Worse than meltdown, government report says devastating ‘melt-through’ has occurred at Fukushima; Official suggests Japan could become ‘uninhabitable’ | NaturalNews.com

via NaturalNews.com, June 09, 2011: “Worse than meltdown, government report says devastating ‘melt-through’ has occurred at Fukushima; Official suggests Japan could become ‘uninhabitable'”

(NaturalNews) Recent reports confirming that Reactors 1, 2, and 3 of the Fukushima Daiichi nuclear facility completely melted just hours after the devastating earthquake and tsunami hit the area on March 11 (http://www.naturalnews.com/032537_F…) have been trumped by even worse news that those same reactors have all likely “melted through,” a situation that according to Japan’s Daily Yomiuri DY is “the worst possibility in a nuclear accident.”

And senior political official Ichiro Ozawa suggested in an interview with The Wall Street Journal (WSJ) that the Fukushima situation could make the entire country of Japan “unlivable.”

A nuclear core meltdown involves nuclear fuel exceeding its melting point to the point where it damages the core, leaks out, and threatens to potentially release high levels of radiation into the environment. However, a nuclear melt-through is an even worse scenario, as nuclear fuel literally melts through the bottom of damaged reactor pressure vessels into out containment vessels — and possibly even melts through those outer vessels directly into ground, air, and water.

The report suggesting that melt-throughs have already occurred, which is set to be submitted to the International Atomic Energy Agency (IAEA), is the “first official recognition” of this dire situation, according to DY. It also confirms early suspicions that such a scenario had been underway all along, as later reports confirmed that the epic disaster at the reactors had produced holes in come of the plant’s core containment vessels, and that radioactive water, and possibly even fuel, were leaking into the lower vessels.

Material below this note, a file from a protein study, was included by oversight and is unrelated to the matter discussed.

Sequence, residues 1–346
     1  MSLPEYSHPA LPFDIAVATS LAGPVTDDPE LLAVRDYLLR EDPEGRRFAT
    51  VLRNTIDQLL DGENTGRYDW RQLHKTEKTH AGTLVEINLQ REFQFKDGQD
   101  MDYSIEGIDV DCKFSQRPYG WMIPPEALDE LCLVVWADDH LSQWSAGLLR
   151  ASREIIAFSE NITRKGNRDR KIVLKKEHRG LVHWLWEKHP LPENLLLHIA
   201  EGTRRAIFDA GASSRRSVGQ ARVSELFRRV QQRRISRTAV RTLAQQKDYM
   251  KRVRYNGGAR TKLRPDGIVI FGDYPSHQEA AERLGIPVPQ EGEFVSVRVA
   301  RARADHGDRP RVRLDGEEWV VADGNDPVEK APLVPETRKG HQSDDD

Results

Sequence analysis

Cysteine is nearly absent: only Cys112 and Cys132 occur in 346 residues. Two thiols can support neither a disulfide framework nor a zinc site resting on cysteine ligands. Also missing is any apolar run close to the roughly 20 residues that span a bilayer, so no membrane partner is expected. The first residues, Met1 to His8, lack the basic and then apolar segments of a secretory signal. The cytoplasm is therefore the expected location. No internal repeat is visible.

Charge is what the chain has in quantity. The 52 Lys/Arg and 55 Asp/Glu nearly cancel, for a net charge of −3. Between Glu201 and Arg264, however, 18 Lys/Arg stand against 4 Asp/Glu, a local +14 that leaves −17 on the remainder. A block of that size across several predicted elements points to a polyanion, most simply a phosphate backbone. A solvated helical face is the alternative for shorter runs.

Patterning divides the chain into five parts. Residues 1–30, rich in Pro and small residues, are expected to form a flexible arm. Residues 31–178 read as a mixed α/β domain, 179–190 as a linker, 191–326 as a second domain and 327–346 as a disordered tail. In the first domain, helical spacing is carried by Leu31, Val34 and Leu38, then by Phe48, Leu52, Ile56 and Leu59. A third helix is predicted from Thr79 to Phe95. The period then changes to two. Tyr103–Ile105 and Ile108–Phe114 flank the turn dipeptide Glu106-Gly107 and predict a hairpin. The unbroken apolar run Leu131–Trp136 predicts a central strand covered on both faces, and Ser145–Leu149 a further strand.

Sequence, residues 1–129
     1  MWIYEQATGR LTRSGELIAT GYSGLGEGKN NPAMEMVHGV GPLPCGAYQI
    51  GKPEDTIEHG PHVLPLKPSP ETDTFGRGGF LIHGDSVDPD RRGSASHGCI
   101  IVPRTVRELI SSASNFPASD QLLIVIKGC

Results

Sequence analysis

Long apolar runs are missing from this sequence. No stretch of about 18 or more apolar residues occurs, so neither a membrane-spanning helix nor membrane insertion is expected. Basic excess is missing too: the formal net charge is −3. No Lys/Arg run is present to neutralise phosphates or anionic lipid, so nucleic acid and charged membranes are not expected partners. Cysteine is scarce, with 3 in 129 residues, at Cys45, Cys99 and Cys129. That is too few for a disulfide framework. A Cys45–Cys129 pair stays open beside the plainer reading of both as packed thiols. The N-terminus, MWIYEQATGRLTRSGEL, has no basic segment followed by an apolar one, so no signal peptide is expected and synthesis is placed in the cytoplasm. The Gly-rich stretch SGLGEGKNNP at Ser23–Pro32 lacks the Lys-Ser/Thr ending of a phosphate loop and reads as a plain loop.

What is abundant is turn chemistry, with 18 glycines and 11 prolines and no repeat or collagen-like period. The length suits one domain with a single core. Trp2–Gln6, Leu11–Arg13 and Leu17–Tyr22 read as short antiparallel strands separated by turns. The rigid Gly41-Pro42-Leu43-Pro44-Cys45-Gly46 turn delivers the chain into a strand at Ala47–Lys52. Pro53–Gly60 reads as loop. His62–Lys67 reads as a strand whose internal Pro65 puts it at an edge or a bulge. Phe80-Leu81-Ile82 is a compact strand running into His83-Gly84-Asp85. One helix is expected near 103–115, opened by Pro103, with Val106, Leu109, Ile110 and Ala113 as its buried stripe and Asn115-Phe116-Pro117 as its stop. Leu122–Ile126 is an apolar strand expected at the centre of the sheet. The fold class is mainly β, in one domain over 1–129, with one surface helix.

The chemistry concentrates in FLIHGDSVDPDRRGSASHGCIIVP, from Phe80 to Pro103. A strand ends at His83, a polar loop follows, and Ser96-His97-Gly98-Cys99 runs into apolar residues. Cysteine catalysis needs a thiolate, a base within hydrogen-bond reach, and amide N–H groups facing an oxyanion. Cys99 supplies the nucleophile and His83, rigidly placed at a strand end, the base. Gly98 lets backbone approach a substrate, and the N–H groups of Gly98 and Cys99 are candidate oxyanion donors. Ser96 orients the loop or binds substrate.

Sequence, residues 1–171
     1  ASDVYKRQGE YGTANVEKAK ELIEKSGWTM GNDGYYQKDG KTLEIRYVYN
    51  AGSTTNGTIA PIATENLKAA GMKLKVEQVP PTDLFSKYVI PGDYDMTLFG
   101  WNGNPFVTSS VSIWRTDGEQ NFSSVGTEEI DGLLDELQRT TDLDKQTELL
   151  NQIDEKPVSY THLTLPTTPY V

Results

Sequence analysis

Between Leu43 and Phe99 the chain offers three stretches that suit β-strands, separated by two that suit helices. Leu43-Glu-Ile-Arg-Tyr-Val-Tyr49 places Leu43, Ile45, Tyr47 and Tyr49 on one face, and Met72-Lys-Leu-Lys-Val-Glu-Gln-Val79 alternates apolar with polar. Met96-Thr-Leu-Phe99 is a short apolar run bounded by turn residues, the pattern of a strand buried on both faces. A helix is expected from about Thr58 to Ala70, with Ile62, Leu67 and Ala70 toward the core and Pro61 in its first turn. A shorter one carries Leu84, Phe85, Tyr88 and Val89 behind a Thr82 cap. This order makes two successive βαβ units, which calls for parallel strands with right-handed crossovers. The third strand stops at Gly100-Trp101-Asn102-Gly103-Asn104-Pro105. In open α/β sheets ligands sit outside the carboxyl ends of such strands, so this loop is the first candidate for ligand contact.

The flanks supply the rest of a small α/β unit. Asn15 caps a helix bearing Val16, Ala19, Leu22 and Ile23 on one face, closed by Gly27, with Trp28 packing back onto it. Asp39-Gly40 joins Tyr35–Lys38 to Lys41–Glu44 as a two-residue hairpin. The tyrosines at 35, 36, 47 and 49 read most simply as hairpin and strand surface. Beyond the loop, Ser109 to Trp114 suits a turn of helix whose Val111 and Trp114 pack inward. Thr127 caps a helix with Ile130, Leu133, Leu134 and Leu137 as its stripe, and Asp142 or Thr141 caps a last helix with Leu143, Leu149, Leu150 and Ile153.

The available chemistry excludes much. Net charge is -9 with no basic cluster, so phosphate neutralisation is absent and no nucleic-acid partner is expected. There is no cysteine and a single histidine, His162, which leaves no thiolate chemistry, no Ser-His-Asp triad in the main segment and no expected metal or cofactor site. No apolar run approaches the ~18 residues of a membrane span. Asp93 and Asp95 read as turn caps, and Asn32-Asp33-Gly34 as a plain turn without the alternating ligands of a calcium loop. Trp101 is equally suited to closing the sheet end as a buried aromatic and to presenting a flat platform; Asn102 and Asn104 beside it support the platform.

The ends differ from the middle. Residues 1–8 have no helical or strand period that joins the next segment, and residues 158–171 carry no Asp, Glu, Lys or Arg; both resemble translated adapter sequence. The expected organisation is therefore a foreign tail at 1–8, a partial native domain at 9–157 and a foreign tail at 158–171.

IAEA has already stated that the Fukushima disaster is at least as bad as the Chernobyl disaster (http://www.theatlanticwire.com/glob…), but this new information now suggests that it is probably even worse. At this time, it is unknown whether the fuel that has accumulated in the outer containment vessels has seeped outside, where it has the potential to contaminate groundwater supplies and wreak widespread environmental damage.

In an interview conducted prior to the release of the new report, Ichiro Ozawa told the WSJ that areas around Fukushima were already becoming completely “uninhabitable.” He also suggested that as it currently stands, much of the rest of the country, including Tokyo, could suffer the same fate if nothing is done to properly and effectively contain the situation.

Sources for this story include:

http://www.yomiuri.co.jp/dy/nationa…

http://online.wsj.com/article/SB100…

http://hawaiinewsdaily.com/2011/03/…


Via Yomiuri Shimbun, Jun. 8, 2011: “‘Melt-through’ at Fukushima? / Govt report to IAEA suggests situation worse than meltdown”

Nuclear fuel in three reactors at the Fukushima No. 1 nuclear plant has possibly melted through pressure vessels and accumulated at the bottom of outer containment vessels, according to a government report obtained Tuesday by The Yomiuri Shimbun.

A “melt-through”–when melted nuclear fuel leaks from the bottom of damaged reactor pressure vessels into containment vessels–is far worse than a core meltdown and is the worst possibility in a nuclear accident.